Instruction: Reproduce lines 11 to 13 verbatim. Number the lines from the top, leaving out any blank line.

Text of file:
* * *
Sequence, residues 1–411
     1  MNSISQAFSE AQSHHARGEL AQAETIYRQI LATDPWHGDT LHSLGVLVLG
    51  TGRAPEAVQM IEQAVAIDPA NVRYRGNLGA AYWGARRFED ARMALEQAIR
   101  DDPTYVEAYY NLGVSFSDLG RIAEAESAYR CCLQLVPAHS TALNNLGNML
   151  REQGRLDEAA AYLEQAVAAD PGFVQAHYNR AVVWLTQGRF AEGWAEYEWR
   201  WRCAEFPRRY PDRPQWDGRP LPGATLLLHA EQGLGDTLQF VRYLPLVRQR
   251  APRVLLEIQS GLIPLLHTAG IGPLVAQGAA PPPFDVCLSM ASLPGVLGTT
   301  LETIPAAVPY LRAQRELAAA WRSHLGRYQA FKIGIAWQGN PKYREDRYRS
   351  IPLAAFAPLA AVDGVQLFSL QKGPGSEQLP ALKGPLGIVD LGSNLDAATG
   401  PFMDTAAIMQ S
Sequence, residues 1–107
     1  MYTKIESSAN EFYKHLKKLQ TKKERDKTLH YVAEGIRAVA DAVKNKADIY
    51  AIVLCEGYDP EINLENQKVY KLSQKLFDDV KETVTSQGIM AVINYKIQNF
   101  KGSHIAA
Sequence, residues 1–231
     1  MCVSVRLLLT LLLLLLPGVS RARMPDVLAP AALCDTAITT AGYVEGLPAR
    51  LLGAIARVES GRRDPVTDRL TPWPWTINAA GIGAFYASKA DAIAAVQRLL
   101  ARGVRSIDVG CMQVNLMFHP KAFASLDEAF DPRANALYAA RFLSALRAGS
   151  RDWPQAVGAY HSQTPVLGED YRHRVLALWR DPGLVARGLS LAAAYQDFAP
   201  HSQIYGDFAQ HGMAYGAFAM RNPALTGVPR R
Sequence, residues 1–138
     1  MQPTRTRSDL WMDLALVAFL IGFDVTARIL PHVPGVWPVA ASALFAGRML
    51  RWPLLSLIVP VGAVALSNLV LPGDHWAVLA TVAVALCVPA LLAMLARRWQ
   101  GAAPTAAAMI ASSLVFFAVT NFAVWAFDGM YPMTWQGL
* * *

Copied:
Sequence, residues 1–107
     1  MYTKIESSAN EFYKHLKKLQ TKKERDKTLH YVAEGIRAVA DAVKNKADIY
    51  AIVLCEGYDP EINLENQKVY KLSQKLFDDV KETVTSQGIM AVINYKIQNF